Removed the Pool - Now What?

Jun 15, 2020

Removed the Pool - Now What?

Jun 15, 2020

25 yr- 2 inch

by Mel Kendall

Last fall my husband and I decided to remove our in-ground pool. With the pool now gone our power bill has dropped exponentially.  On the expected but not fully realized side is the resulting void. My goodness, that's a lot of dirt! As I stood in what used to be a 9-foot diving well I observed the expanse of "nothingness" and the panic set in! Now what?  

Fortunately, I had used my UC Master Gardener training and had done some preliminary planning prior to this panic attack. The UC Master Gardeners have created a link on their website entitled “Step by Step Garden Design.” This link was created to use as a resource on how to take a step by step approach to garden design and thus help avoid yard design dilemmas.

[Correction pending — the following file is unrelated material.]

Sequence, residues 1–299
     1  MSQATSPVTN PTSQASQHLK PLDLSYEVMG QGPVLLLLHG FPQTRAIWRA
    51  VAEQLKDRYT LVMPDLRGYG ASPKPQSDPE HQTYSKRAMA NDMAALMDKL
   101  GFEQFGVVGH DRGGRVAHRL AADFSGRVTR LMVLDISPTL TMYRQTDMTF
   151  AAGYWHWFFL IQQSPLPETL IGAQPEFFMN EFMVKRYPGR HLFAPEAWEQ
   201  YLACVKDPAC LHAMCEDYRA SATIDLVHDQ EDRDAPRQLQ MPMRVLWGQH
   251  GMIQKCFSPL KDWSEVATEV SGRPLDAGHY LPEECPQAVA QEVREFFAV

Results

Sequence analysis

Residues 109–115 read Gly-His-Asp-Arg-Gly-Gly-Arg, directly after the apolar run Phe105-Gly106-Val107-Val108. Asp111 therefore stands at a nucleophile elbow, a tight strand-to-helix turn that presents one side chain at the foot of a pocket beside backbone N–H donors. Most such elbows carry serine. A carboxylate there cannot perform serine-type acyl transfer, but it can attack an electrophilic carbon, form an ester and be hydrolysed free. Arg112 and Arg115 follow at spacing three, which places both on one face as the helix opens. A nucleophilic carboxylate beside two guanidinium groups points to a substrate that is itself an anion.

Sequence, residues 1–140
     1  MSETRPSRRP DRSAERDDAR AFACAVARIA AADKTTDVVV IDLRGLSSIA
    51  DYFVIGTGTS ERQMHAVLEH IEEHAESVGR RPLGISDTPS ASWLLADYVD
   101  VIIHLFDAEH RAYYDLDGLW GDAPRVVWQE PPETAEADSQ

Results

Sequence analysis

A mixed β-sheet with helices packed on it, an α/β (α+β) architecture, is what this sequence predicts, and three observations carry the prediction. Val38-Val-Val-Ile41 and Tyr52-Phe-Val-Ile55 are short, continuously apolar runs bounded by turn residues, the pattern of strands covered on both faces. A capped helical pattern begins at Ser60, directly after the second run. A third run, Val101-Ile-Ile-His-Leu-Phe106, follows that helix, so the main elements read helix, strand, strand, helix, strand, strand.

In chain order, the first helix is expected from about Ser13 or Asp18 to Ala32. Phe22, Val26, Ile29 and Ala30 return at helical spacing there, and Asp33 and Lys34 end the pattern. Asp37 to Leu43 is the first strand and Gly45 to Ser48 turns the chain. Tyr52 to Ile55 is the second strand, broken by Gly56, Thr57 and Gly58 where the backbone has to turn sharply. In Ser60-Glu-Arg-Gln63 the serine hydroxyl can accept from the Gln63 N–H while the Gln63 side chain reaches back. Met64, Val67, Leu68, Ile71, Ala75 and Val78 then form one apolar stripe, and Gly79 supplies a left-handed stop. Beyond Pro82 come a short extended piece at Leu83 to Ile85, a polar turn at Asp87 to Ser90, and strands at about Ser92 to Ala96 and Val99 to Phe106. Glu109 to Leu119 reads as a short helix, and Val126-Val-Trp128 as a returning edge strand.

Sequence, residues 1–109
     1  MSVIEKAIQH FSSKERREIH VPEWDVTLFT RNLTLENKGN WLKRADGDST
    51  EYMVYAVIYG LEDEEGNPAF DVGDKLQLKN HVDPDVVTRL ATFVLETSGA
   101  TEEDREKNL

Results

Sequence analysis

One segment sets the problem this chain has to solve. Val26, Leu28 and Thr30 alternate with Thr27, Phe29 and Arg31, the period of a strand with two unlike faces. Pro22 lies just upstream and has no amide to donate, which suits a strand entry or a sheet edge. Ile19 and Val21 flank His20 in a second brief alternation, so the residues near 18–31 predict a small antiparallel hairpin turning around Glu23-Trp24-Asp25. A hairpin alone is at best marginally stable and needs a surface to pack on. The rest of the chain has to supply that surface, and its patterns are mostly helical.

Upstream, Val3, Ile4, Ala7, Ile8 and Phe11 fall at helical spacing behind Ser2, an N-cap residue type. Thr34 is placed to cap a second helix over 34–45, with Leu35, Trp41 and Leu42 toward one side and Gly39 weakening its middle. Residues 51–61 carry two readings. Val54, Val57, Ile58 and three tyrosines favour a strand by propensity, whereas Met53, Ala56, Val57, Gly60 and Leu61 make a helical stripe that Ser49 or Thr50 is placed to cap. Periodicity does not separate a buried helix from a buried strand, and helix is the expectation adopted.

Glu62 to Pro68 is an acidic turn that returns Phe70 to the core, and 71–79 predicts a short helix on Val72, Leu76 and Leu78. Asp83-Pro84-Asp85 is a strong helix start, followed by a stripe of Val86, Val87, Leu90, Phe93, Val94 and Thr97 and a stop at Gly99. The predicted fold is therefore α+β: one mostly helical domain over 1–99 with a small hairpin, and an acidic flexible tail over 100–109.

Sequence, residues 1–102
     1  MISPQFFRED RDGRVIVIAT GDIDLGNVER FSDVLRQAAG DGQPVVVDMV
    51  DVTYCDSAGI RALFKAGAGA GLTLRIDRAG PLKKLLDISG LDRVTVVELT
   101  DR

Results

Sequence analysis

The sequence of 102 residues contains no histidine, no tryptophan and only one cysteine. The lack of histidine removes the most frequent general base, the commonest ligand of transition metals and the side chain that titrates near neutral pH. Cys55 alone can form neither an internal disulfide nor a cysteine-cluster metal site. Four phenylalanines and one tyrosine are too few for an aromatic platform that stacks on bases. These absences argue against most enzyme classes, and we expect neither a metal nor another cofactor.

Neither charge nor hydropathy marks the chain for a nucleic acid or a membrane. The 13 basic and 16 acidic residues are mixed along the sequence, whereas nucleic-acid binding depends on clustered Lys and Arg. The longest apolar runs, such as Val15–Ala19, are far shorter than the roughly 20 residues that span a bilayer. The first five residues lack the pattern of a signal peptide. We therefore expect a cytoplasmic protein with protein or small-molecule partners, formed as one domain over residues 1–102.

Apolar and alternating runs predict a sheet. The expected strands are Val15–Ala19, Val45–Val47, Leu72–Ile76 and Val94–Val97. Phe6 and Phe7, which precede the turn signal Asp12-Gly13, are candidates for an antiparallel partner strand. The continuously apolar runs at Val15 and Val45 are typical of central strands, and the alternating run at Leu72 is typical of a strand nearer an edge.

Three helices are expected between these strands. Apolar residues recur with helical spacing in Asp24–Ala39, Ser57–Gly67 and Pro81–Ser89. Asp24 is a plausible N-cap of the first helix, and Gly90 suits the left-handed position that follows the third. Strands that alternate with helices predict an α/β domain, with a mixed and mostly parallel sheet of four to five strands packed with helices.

During the process of the pool removal I had created a draft design plan using the information from this link. I think I used a ream of paper creating multiple draft design plans until I came up with one that my husband and I both agreed was doable.I also perused the internet and ‘cut and pasted' multiple examples of pictures and how-to instructions of different ideas and plans that we liked, and created a dream list to use as visual examples as we moved forward. So, as I hyperventilated in the now filled in diving well, I took my researched materials, got a grip on my anxiety and got to work.